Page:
Sample Political Science Paper on International Laws of War

International Relations


International relations encompass the relationship between countries on the global platform. These relationships define the roles of sovereign states and other bodies such as Intergovernmental organizations, Multi-National Corporations, and Non-Governmental Organizations among other bodies (Levine 133). Being an intergovernmental and inter-organizational study, International relations also lays much of its focus on the formulation of different laws that affect numerous operations from business operations to operations in times of war (Levine 139). As an individual with much interest in the army, it would be important to evaluate the impact of international law of war on the responsibilities of a sergeant major of the United States army.

According to the Hobbesian state of nature, war is often considered as a model state of anarchy. War according to this perspective is merely a predictable violent breakdown of law that follows from laxity, incompetence, and to some extent the absence of a world government (Levine 79). It is important for the army and its officials to consider the value of resources that are destroyed in times of war since it is their responsibility to protect the state from external intrusion may sometimes require the use of excessive force such as bombs against an enemy state (Solis 56). The international community in an attempt to develop constraints and laws that regulate the practice of warfare has a responsibility of developing some form of the constitution with a mandate of minimizing the variety of externalities. The world society stands as a chief beneficiary of any mechanisms that have been enforced to mitigate and to some extent eliminate the use of violent strategies that have in the recent past dominated quarrels between nations such as Iraq and Afghanistan against the United States (Solis 56).

International Laws of War

The International Laws of War are based on the realization that the absence of a world government, that has the capability by coercing warring states, constitutes a major component in the development of some form of order on the international platform. International Laws of War are those legal precepts that function more from a theoretical perspective to constrain the possibility of misbehavior by actual and potential armed forces (Solis 56). A sergeant in the American Army has the responsibility of understanding the main objective of these laws. This involves developing an understanding that the laws of war have in the recent past evolved to provide perfect strategies for resolving practical problems that have been confronting numerous military conflicts around the world. It also involves an understanding of international laws of war that have been ratified by the United States congress as these define the operations that the said army undertakes in situations where they have to be involved in direct combat with other nation-states (Solis 56).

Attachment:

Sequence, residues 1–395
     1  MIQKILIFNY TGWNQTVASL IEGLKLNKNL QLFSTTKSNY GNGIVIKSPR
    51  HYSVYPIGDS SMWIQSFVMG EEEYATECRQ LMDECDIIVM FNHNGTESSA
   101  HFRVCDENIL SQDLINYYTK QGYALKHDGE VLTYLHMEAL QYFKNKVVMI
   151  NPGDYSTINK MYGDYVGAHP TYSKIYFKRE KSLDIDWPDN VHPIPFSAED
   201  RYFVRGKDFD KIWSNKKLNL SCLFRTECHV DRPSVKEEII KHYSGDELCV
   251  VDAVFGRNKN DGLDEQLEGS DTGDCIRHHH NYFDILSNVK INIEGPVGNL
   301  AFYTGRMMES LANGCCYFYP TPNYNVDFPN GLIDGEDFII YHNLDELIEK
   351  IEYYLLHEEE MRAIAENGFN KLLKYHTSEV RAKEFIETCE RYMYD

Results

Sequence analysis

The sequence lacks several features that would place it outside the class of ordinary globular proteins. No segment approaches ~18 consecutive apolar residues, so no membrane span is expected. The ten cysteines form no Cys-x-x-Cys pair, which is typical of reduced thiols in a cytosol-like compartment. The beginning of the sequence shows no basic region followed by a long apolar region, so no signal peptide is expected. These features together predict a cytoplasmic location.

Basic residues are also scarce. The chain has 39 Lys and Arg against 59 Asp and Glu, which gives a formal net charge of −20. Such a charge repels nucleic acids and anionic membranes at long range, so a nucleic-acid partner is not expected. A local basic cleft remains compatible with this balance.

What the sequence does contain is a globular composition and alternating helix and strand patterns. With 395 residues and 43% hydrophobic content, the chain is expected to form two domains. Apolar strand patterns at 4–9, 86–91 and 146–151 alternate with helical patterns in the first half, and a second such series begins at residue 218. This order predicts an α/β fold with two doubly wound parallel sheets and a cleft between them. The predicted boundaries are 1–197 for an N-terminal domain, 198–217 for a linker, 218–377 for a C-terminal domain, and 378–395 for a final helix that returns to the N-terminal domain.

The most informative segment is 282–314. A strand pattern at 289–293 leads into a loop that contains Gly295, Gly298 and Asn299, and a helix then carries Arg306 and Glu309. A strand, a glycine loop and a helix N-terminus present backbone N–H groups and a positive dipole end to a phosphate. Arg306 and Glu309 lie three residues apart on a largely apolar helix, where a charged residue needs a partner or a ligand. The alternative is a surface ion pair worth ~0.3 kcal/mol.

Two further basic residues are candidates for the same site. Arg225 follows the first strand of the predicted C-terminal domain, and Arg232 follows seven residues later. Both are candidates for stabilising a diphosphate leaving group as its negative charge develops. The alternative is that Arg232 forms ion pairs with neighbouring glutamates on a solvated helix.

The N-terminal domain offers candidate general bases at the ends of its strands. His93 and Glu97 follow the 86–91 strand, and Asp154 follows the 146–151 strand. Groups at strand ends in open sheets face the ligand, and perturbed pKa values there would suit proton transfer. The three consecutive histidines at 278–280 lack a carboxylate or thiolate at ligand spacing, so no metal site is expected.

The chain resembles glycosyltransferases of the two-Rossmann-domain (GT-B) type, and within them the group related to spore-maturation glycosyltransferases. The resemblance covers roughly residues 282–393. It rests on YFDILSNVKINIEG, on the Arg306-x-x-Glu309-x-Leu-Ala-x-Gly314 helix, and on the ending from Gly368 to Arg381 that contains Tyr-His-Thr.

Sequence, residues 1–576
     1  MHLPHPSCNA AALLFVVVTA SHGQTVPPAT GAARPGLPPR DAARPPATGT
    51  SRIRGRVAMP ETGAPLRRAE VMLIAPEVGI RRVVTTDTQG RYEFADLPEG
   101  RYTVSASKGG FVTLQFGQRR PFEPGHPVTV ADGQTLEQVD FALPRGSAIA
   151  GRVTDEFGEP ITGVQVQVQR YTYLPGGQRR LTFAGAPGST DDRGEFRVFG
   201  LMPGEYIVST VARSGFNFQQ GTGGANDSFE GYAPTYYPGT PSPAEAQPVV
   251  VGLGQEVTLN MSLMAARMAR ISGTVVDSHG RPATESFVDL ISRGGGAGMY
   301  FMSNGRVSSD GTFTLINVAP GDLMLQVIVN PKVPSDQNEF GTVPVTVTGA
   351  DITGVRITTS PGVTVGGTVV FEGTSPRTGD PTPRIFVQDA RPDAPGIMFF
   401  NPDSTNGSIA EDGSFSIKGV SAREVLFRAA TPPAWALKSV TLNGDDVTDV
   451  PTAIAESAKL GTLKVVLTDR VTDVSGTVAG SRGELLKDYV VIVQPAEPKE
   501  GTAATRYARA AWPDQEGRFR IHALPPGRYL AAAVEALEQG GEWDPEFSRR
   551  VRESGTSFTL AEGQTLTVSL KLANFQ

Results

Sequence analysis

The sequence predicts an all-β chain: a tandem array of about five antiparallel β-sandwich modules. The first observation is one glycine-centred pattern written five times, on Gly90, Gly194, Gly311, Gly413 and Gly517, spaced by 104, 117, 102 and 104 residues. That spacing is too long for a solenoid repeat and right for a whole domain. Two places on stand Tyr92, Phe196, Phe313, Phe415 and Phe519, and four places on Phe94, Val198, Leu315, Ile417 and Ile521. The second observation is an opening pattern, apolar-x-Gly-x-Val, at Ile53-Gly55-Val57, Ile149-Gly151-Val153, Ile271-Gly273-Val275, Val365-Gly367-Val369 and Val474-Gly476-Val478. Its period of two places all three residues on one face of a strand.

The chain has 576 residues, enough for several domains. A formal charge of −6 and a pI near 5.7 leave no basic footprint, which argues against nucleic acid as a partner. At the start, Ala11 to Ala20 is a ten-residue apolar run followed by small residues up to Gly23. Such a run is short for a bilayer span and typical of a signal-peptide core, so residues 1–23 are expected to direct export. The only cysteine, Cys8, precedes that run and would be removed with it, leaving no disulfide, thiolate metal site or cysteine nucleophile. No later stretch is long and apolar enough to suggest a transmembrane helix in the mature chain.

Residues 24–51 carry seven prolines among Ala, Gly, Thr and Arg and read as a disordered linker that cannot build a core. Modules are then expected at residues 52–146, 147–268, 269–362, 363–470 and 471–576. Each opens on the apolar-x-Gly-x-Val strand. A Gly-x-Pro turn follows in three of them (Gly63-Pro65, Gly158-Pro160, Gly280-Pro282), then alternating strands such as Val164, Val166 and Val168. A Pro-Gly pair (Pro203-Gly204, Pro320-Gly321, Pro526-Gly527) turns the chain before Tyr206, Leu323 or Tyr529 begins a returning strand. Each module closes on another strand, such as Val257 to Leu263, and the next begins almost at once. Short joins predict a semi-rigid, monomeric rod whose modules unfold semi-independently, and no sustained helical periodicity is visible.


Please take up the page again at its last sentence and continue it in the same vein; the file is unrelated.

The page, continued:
An understanding of the sources of international laws of war is also central to the sergeant of the American army. This will inform the entire army of the role of American common law, various treatises, and conventional laws that to some extent have been the results of numerous international agreements and conventions. It is important to note that these treaties are often accompanied by penalties for countries that contravene any agreements (Masson-Matthee 78).

The principal aims of the international laws of war are synonymous with those of International Humanitarian Law, which are documented in the Geneva Conventions of 1948. These laws document the rights and duties of combatants, non-combatants, civilians,s and prisoners of war (Masson-Matthee 78). The laws of war are therefore aimed at implementing constraining measures against any actions of belligerence that may cause severe damage to various individuals both targeted and untargeted. The American atomic bomb attack on Japan’s cities of Hiroshima and Nagasaki was a major factor in the formulation of the laws of war since the bombing brought adverse effects on the livelihood of civilians who in most cases were not major participants in the Second World War (Masson-Matthee 70).  The effects of this law ensured that American forces use limited force to achieve their intention without the deliberate cause of any harm against inactive participants of the war in their future operations.

The policy of the law of armed conflict